• the introduction of 1% solution of vitamin K - drugs are administered intravenously, but in mild cases, intramuscular injection is possible 1 time per day, the dosage is calculated depending on the baby’s body weight (0.1-0.15 ml per 1 kg),
  • Vikasol solution - an artificial analogue of vitamin K, which stops bleeding, but is less effective, is applied every 12 hours, the dose is 2-4 mg,
  • plasma bolus transfusion - carried out with the recurrent nature of bleeding (dosage - 15 ml / kg),
  • solutions of thrombin, sodium bicarbonate, aminocaproic acid with adroxone (we recommend to read: how is aminocaproic acid used in adenoids in the nose for children?),
  • preparations based on ascorbic acid, rutin, calcium gluconate or calcium chloride,
  • glucocorticosteroids or specific antibiotics,
  • red blood cell transfusion (5-10 ml / kg) - the doctor prescribes a procedure if the disease is complicated by hypovolemic shock.
During the treatment of the disease is very important to adhere to breastfeeding.

Excess vitamins can lead to complications such as:

  • hemolytic anemia,
  • nuclear jaundice is associated with an increased level of bilirubin,
  • anemia.

Acceptance of too much hemostatic drugs can cause the development of hyperbilirubinemia and activation of Heinz Taurus. In this regard, treatment is carried out exclusively in stationary conditions, and the appointment and use of drugs is controlled by a neonatologist.

Consequences of hemorrhagic disease of the newborn

Professional and timely medical care allows you to quickly eliminate mild forms of the disease. The risk of fatal outcome is great for children who have experienced:

  • more blood loss
  • impaired cardiac activity
  • malfunctions in the development of the adrenal glands,
  • cerebral hemorrhage.

To prevent the development of pathology, children from the risk group are recommended to inject vitamin K immediately after birth (0.5 mg premature babies, and for full-term babies with normal body weight, the dose is increased to 1 mg). Also an excellent precautionary measure is an early attachment to the chest. The pathology does not transform into other diseases, at the end of the treatment the symptoms disappear, and the organism of the little man continues to develop without any violations.

The content of the article

  • Hemorrhagic disease of the newborn: causes, forms, effects
  • Cefalohematoma in the newborn on the head: causes and treatment
  • Galactosemia in newborns

Causes of pathology can be classified into primary and secondary. Primary effects on the body in the prenatal period or on the 1st day after birth. They are caused by a lack of vitamin K. These reasons include:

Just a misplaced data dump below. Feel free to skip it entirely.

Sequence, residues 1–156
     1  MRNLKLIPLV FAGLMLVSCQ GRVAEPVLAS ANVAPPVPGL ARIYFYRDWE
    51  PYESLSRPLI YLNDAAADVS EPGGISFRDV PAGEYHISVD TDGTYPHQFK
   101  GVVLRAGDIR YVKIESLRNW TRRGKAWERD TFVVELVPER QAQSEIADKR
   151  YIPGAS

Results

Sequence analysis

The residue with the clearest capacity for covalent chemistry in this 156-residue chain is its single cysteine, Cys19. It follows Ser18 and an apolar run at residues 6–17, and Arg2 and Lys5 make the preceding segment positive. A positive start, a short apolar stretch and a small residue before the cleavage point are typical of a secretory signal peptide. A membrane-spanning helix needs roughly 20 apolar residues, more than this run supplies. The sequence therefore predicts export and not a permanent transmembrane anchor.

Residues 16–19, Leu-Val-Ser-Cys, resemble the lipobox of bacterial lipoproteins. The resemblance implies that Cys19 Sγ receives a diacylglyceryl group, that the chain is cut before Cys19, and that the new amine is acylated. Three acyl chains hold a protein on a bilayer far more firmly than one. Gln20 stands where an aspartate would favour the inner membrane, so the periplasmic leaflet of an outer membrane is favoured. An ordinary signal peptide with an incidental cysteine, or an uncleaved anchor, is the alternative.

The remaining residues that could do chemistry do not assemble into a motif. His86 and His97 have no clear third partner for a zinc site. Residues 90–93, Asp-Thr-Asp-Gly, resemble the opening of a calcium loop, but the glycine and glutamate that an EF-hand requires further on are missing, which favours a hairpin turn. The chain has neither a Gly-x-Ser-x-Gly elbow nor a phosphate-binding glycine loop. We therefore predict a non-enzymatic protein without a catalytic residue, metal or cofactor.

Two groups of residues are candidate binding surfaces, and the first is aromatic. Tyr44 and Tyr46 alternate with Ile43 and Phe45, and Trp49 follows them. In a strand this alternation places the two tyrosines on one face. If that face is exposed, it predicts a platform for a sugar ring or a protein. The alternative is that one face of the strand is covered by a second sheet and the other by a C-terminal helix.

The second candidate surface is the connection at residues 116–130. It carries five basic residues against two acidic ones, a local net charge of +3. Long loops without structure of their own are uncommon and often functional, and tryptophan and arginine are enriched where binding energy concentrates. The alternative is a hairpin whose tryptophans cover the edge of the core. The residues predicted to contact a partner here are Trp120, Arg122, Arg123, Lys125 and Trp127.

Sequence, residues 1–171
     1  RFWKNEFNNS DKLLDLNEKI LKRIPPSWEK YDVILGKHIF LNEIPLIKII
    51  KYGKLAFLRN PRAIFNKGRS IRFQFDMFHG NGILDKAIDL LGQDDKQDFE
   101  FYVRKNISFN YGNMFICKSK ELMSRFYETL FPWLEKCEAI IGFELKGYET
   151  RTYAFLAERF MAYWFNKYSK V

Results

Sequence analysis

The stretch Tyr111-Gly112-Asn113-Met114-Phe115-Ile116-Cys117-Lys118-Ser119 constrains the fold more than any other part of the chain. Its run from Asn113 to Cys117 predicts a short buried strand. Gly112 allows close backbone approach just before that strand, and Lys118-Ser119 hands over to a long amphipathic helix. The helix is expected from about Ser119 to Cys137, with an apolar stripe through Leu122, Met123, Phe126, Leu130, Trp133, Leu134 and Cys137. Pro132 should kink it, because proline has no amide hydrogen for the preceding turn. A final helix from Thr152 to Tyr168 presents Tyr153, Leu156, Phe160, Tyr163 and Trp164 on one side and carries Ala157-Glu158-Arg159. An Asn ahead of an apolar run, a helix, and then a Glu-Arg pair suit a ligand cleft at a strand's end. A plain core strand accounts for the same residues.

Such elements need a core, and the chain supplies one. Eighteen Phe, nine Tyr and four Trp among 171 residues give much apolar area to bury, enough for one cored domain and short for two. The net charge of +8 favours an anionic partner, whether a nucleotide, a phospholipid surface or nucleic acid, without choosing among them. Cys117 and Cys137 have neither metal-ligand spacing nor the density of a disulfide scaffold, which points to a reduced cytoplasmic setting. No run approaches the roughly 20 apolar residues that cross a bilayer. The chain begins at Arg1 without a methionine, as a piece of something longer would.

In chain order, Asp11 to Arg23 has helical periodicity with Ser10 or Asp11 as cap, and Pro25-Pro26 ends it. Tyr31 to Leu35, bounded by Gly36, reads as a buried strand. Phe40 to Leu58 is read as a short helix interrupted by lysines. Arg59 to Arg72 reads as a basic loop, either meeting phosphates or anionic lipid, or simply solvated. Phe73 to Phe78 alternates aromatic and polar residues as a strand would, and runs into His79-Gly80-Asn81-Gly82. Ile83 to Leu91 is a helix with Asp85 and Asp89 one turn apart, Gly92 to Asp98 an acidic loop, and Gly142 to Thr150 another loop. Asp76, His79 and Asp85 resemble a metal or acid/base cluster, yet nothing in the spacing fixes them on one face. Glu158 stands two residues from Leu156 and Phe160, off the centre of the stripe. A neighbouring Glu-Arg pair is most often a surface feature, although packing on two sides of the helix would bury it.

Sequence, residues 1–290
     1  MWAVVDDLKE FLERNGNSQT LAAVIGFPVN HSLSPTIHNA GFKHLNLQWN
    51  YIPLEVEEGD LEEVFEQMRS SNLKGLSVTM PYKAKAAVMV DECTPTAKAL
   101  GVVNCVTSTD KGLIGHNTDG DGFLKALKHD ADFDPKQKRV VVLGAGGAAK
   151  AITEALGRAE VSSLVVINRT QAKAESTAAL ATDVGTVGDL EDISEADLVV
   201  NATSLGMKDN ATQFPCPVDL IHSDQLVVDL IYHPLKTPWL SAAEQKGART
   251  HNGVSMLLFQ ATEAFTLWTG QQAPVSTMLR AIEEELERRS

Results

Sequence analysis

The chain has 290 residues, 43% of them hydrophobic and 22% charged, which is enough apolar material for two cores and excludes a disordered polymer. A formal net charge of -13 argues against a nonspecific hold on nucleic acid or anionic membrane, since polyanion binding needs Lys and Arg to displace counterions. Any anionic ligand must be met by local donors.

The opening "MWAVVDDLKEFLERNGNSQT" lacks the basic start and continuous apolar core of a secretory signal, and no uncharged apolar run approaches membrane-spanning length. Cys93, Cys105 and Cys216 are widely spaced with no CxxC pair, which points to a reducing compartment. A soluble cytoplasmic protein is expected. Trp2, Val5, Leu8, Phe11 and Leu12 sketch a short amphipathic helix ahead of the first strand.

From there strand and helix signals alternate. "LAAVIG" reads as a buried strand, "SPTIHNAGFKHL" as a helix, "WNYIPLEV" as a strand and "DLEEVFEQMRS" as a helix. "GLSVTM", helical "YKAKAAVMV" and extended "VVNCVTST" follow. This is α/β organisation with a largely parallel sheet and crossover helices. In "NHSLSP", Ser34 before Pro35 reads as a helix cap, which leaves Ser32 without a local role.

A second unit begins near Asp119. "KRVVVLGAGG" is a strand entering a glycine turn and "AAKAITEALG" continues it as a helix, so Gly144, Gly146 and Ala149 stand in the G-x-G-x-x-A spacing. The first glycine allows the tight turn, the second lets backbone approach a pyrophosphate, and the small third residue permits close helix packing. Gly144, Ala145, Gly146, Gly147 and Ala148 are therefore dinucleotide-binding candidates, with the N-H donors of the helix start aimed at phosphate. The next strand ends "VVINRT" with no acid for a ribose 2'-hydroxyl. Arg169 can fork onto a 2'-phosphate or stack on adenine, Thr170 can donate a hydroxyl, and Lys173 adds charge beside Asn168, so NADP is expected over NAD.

• placental impermeability of vitamin K,
  • lack of substance of mother's milk,
  • toxicosis, preeclampsia,
  • taking drugs prohibited during pregnancy,
  • failures in the liver, gastrointestinal tract in a pregnant woman,
  • violation of intestinal microflora in the newborn.

Secondary causes are associated with clotting factors. In addition, a woman can take drugs that cause a lack of vitamin K. The secondary causes of the disease include:

  • fetal hypoxia,
  • premature pregnancy (up to 37 weeks),
  • dysbacteriosis,
  • dysfunction of the pancreas, intestines, liver, biliary tract,
  • long-term use of antibiotic drugs.

Pathology is rarely diagnosed, less than 1.5% of children.

There are 2 forms of hemorrhage: primary and secondary. In the first case, the fetus is deficient in vitamin K, and the newborn child receives less of this substance from the mother's milk. On the 5th day, vitamin K begins to be synthesized in the intestines of the baby.

The secondary form of hemorrhage is manifested in lesions of the liver. In a child, the formation of PPPP (polypeptide precursors of plasma factors) is disturbed.

The disease is also classified by the time of appearance:

  1. Early form. Manifested in 1-2 days. after birth.
  2. Classic form. Develops for 3-5 days.
  3. Late form. Manifested in the first 8 weeks. of life.


If hemorrhagic disease is detected quickly, and timely treatment was carried out, recovery occurs without any consequences. In the future, there is no recurrence of pathology.

But the late form of hemorrhage can lead to terrible consequences in the form of complications in the central nervous system. Some babies develop hypovolemic shock. Sometimes as a result of hemorrhagic disease, death occurs.

Adequate therapy allows you to avoid serious consequences. It includes injections of "Vikasola" (a synthetic analogue of vitamin K). The duration of the substitution treatment course is 2-4 days. You need to do control tests on the level of vitamin K in the body of the newborn.